Fixing That Computer Desk & Video Game Posture

by Chris on June 4, 2012

Most of us spend the overwhelming majority of our time in the seated position. When you’re at work chances are you are sitting at a desk; driving in the car or sitting on the train; at home you are usually sitting to watch TV or eat. Or if you are a member of the video game generation you spend about 25 hours a day hunched over playing Call of Duty.

No matter who you are the result is that all of this time sitting wreaks havoc on your posture and likely causes chronic back pain. And this goes across the board. Not only older people experience back pain as a result of crappy posture. I’ve known plenty of young people (myself included) who have suffered the results hunching over a laptop for too long.

But fear not! There are simple things you can do to combat these issues without having to give up on playing Diablo 3. (Thank God!)

In the video below I demonstrate a handful of simple movements that address the most common issues that result from too much time in a seated position.

Foam Roller T-Spine Extension – This movement attacks limited thoracic spine mobility (i.e. a stiff upper back). Bad mobility in this area has a direct impact on the shoulder and the lower back. If the upper back can’t move freely like it’s supposed to, everything else around it will have to pick up the slack.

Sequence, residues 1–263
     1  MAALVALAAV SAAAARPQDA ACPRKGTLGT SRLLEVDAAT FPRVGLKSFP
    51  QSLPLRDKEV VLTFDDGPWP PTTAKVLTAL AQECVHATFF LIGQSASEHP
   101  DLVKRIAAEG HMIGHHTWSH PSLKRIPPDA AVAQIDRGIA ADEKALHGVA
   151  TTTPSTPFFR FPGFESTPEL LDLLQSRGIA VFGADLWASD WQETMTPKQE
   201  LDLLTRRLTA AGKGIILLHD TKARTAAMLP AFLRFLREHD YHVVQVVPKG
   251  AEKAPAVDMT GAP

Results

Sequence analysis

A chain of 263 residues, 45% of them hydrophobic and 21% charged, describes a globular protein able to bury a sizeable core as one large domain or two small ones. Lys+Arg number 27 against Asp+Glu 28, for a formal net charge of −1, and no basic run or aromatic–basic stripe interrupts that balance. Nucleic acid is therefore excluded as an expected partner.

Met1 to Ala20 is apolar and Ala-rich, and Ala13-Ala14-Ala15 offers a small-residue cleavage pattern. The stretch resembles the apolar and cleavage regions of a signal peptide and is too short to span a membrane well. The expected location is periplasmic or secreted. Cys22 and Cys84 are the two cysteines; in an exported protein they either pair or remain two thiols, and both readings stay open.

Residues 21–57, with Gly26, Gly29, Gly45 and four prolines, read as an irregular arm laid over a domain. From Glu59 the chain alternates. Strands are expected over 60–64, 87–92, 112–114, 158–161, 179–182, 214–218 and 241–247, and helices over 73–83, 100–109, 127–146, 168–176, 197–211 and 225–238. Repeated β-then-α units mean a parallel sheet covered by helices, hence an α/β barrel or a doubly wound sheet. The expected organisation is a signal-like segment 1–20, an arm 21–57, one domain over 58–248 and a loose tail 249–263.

Hip Flexor Stretch – Too much time in the seated position shortens the hip flexors and is in my experience one of the primary causes of low back pain. Tight hips pull the pelvis out of correct alignment and screws with the lower back.

Wall Chest/Pectoral Stretch – Another area that tightens up from sitting at a computer or playing a game too much is the chest. Tight chest and shoulder muscles pull the shoulders forward, limits shoulder mobility and affects the movement of the scapula.

Squat-To-Stand Series – This is one of my favorite warm up drills because it attacks so many areas in one movement. It starts with a hamstring stretch and moves into a deep squat with a serious arch of the upper back. This trains mobility and strengthens to muscles of the upper back. You then go into the “prayer position” which stretches the groin and inner thigh and finish with a thoracic spine rotation, which helps upper back mobility. This move is a full warm up all rolled into one.

If you spend most of your time sitting, like most of us do, these are just some of the movements you should consider included in your warm up before training. If you want to take it a step further, you can perform many of these moves throughout the day. I often recommend that my clients perform some of these daily. Remember this: you are in the gym only a few hours a week. The other 160+ hours per week you are fighting the improvements you made while training.


steve June 27, 2012 at 2:49 pm

nice group of stretches you put together there.Using them all and curse more doing them(foam roling especially) than actually working out so they must be needed

Chris June 27, 2012 at 9:41 pm

Glad to hear you are getting some use out of them Steve.

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